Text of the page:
One of the nation's top medical advisers on the U.S. response to the novel coronavirus pandemic said seeing troops test positive for COVID-19 after responding to protests is a likely sign more cases will emerge.
Dr. Anthony Fauci said Wednesday that news of National Guard members in Washington, D.C., getting infected with the illness caused by the coronavirus while activated to respond to massive protests in the city in recent weeks is "disturbing, but is not surprising."
An undisclosed number of the roughly 1,200 D.C. Guard members sent to respond to the sometimes-violent protests now have COVID-19, McClatchy reported Tuesday. Two members of the Nebraska National Guard, who assisted police in their state capital, have also tested positive for the illness, the Lincoln Journal Star reported.
Fauci said he expects to see more infections as people continue gathering for large protests across the country in the wake of the death of George Floyd, an unarmed black man who died in Minneapolis last month after a police officer was seen pressing his knee into Floyd's neck for several minutes. There were more than 10,000 protesters in Washington, D.C., on Saturday before National Guard members responding in that city began to leave.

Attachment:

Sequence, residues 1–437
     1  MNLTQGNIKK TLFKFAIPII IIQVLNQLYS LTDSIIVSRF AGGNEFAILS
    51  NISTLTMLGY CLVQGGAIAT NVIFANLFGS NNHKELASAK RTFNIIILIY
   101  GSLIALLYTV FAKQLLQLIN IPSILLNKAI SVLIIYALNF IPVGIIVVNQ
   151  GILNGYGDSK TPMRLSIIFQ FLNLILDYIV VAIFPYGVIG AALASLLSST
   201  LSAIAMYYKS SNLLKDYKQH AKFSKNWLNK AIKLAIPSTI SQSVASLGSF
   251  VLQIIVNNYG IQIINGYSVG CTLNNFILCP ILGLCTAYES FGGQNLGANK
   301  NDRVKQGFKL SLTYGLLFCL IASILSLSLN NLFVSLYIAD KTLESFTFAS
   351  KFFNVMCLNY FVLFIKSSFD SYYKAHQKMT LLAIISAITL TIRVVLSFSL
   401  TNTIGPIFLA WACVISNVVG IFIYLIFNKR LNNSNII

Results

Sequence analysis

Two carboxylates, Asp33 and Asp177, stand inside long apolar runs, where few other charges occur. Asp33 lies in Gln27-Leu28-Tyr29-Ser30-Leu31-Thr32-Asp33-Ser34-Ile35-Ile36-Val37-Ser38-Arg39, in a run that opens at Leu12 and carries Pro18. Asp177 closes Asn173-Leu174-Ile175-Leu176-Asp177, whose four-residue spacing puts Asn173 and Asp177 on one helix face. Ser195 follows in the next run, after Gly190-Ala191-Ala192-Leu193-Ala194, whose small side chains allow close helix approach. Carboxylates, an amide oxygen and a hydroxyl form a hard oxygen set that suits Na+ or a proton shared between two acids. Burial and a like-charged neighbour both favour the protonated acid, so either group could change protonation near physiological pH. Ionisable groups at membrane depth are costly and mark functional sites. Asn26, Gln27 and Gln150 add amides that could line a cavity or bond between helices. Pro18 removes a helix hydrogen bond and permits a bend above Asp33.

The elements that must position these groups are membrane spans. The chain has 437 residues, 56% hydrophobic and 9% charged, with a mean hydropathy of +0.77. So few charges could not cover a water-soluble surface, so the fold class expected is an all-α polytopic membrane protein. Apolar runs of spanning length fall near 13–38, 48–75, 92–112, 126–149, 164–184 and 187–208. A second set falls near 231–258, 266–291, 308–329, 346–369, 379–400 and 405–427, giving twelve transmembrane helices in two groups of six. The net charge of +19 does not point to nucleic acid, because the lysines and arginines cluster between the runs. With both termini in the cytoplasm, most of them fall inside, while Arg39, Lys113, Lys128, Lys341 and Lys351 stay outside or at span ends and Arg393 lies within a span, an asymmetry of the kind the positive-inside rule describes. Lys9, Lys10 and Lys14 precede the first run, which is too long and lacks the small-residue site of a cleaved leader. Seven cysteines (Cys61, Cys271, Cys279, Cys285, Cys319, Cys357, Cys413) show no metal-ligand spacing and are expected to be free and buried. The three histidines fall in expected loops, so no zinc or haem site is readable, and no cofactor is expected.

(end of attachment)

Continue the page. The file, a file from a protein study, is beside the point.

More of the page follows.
"That's taking a risk," Fauci said of the crowd sizes on "Good Morning America," "and unfortunately what we're seeing now is just an example of the kinds of things we were concerned about."
Fauci this week called the coronavirus pandemic his "worst nightmare" when speaking during the Biotechnology Innovation Organization's international convention. In a period of just four months, he added, the disease has devastated the world.
"It just took over the planet," he said in a video address to the conference. "And it isn't over yet."
Fauci stressed that people must continue wearing masks, keeping their distance from others, and washing their hands as often as they can. The pandemic has infected more than 7 million people globally and killed about 112,000 Americans.
Navy leaders said Tuesday that a study conducted in partnership with the Centers for Disease Control and Prevention showed face coverings and social distancing proved to help lower infection rates on the aircraft carrier Theodore Roosevelt. There were more than 1,200 COVID-19 cases on that ship.
Photos of National Guard members' response to the recent protests showed not all personnel have been wearing face coverings. Their duties in some cases also left them in close contact with protesters.